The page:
Archaeology

By Aedín Dunne - Last update


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There are quite a few courses available in Archaeology with the opportunity of taking other subject areas with it. Are you interested in research, history and an active learner? These are important factors, among many others, when working as an archaeologist. 

If you’re interested in exploring this area, you’ve come to the right place. 

What is archaeology?

Archaeology is the study of ancient and recent human past through material remains. It analyses physical remains of the past in pursuit of a broad and comprehensive understanding of  human culture. 

What third level courses are available?

Universities and college in Ireland are offering courses in the following subject areas:

  • Ancient History and Archaeology/Geography
  • Ancient History and Archaeology/History
  • Ancient History and Archaeology/History of Art and Architecture
  • Applied Archaeology
  • Arts – Archaeology
  • Classics, Ancient History and Archaeology 
  • Archaeology and Heritage (PLC)

This is just a sample of courses available as there are many more on offer. Be sure to look at your desired course in detail and the specific requirements. 

Studying archaeology in college

There is a wide variety of different archaeology courses in Ireland with most of them giving the opportunity to study alongside other subjects. PLC courses will be 1 year long while undergraduate courses will range between 3-4 years and may differ from university to university. 

In your first year of archaeology you will learn the basics of what archaeology is, its importance and build a foundation in the subject to prepare you to go forward with your course and look more in depth at different areas. You will learn how archaeology is concerned with understanding social, political and cultural experiences. 

In your second and/or third year of your course you will have the opportunity to focus on deeper themes and periods of history and archaeology allowing students to develop a deeper awareness of methods, theory and engage with different issues. 

In your final year, which may be your third or fourth year depending on your course, you will continue to look at specific areas and time of importance to archaeology as well as write a thesis on a topic of your interest. 

In some courses, there may also be an opportunity study and travel abroad. 

Career Options

A lot of people who study an undergraduate course in Archaeology will work for Archaeological contractors, national heritage agencies, local government, university archaeology departments or independent archaeology consultants, for example. There may also be the opportunity to travel.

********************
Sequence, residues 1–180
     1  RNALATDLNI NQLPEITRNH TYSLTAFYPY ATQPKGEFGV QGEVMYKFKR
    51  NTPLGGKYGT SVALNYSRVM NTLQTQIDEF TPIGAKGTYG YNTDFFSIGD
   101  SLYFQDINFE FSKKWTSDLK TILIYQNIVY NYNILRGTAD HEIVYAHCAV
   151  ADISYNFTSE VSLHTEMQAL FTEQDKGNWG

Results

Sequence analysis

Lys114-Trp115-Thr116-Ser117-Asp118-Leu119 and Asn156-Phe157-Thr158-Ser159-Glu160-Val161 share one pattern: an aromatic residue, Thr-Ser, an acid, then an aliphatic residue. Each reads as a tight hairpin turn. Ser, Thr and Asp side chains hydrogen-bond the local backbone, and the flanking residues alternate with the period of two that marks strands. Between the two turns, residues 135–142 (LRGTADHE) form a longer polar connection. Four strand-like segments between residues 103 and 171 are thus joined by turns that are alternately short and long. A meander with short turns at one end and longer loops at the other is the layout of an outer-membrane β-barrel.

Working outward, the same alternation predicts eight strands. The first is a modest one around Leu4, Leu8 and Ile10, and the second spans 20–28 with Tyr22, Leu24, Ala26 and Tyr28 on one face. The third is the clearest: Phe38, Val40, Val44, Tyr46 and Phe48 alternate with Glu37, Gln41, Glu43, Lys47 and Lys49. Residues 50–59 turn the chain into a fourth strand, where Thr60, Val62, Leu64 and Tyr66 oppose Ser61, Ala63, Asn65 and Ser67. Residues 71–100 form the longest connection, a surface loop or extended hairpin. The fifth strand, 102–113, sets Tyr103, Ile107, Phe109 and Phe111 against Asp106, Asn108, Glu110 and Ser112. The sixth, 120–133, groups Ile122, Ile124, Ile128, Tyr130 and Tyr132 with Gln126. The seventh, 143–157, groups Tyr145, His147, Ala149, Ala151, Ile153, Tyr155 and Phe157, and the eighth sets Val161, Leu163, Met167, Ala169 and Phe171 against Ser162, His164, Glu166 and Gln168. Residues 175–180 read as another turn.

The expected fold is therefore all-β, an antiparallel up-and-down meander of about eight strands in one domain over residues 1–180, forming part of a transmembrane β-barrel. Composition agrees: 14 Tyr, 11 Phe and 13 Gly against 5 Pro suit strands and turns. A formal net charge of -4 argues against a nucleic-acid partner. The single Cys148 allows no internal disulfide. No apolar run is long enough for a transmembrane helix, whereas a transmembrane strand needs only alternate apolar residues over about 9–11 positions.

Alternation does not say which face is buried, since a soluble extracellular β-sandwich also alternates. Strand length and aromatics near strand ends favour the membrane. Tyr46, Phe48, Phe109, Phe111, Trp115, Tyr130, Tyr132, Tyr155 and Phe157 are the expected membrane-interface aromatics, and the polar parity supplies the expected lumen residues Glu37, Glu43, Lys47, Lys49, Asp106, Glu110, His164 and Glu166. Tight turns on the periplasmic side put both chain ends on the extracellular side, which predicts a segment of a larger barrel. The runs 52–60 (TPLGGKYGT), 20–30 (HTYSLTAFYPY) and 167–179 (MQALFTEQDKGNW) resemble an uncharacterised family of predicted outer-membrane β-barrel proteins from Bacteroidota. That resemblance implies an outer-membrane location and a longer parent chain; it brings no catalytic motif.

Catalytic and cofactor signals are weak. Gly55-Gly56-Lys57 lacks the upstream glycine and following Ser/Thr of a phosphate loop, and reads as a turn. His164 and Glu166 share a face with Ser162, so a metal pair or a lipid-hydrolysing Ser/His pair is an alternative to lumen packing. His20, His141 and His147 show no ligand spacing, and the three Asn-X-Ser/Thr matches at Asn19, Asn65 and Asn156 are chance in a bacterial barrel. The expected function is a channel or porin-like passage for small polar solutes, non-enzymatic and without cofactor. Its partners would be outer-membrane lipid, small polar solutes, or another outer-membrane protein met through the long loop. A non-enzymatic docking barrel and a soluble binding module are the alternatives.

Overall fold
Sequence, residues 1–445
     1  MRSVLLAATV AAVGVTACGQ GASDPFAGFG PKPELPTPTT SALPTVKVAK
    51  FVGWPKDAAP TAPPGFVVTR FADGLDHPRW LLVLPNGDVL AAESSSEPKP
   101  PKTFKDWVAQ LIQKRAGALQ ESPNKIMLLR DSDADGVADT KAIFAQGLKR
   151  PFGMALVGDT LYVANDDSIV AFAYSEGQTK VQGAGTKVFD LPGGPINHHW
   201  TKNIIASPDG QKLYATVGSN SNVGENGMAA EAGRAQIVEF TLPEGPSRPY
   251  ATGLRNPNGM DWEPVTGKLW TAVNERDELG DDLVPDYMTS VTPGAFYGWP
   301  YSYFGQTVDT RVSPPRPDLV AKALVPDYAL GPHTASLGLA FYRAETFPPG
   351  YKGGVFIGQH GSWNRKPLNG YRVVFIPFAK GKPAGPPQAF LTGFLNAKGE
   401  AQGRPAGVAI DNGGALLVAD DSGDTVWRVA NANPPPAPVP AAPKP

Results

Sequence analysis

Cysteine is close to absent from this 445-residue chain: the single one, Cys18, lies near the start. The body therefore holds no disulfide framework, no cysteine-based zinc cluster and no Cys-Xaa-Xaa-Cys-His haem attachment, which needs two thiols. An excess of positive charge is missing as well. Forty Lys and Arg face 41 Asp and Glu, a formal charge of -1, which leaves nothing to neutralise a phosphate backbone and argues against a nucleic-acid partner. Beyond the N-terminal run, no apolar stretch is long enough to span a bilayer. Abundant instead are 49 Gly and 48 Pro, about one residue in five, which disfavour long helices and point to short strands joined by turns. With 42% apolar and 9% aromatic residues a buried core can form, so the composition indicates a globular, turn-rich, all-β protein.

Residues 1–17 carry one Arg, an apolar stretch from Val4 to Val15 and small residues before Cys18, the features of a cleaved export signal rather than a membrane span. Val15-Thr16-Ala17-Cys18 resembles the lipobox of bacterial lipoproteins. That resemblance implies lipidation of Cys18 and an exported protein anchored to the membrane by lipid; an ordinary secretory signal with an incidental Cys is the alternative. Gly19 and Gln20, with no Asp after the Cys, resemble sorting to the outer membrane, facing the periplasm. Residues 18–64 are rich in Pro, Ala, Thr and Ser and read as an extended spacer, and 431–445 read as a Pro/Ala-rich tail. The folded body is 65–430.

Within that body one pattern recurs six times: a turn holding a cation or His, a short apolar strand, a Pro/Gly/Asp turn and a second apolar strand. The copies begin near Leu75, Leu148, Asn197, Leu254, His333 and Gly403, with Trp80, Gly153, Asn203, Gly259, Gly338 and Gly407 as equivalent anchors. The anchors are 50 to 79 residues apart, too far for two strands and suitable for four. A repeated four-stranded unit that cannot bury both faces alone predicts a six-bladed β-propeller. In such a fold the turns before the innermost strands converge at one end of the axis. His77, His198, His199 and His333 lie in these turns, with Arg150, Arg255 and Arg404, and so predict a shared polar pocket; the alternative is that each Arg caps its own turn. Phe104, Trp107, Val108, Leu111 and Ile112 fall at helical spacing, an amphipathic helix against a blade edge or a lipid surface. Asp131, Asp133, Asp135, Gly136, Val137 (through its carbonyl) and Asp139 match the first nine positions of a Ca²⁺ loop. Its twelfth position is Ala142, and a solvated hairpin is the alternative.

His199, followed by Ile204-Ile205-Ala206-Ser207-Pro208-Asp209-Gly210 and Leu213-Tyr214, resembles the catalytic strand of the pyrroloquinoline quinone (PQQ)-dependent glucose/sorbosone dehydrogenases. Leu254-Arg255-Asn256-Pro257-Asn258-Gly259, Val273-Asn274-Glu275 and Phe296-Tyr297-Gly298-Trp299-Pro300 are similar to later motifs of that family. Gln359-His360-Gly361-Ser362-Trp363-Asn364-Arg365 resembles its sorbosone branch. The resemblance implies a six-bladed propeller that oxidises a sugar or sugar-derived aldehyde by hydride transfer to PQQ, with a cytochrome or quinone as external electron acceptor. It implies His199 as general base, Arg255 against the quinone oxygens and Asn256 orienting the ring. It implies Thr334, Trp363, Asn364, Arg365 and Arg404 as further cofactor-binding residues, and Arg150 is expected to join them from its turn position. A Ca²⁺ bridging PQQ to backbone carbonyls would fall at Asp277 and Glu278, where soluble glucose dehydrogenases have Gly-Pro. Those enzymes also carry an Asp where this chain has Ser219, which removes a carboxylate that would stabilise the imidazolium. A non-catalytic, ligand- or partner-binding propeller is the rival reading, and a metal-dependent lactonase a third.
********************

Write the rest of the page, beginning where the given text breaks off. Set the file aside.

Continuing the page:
The majority of those who study archaeology will sooner or later study a postgraduate course and specialise in an area of their interest. While the role of an archaeologist is largely research based there is also the opportunity to move into the area of research or lecturing in universities and colleges. 

Some skills and qualities that are important in this area include excellent communication skills, excellent writing skills, critical thinking skills, the ability to work well with others, pay attention to detail, perseverance, patience, stamina and being an active learner. It is also important to have good IT skills, presentation skills and be flexible in relation to location.

Related Jobs

  • Archaeologist
  • Academic researcher
  • Museum education officer
  • Museum/gallery worker
  • Conservation officer
  • Heritage manager
  • Conservator

Further Study

Visit postgrad.ie for more information.

FAQ

Different courses and different colleges will have different entry requirements. It’s always safest to check with the individual higher education institution which is available on their websites. As a general rule Leaving Cert students should have a minimum of six subjects which should

include: Two H5 (Higher Level) grades and Four O6 (Ordinary Level) grades or four H7 (Higher Level) grades. Subjects must include Mathematics, Irish or another language, and English. 

The points to get into an archaeology course range from 529 (Ancient History and Archaeology/History in Trinity College Dublin) to 300 points (Arts – Archaeology in NUIG and UCC).  

Where can I study?

For other courses in the area you would like to explore, you can do so here.

Did you know?

  • The first known archaeologist is King Nabonidus. He discovered and analysed a foundation deposit of the Akkadian Empire around 550 BCE. 
  • Archaeologists always dig square holes as it helps them to keep organised. 
  • The three archaeological periods are the Stone Age, Bronze Age and Iron Age. 

Resources

https://archaeologyireland.ie/

 


Aedín Dunne

Addiction Studies
Art History


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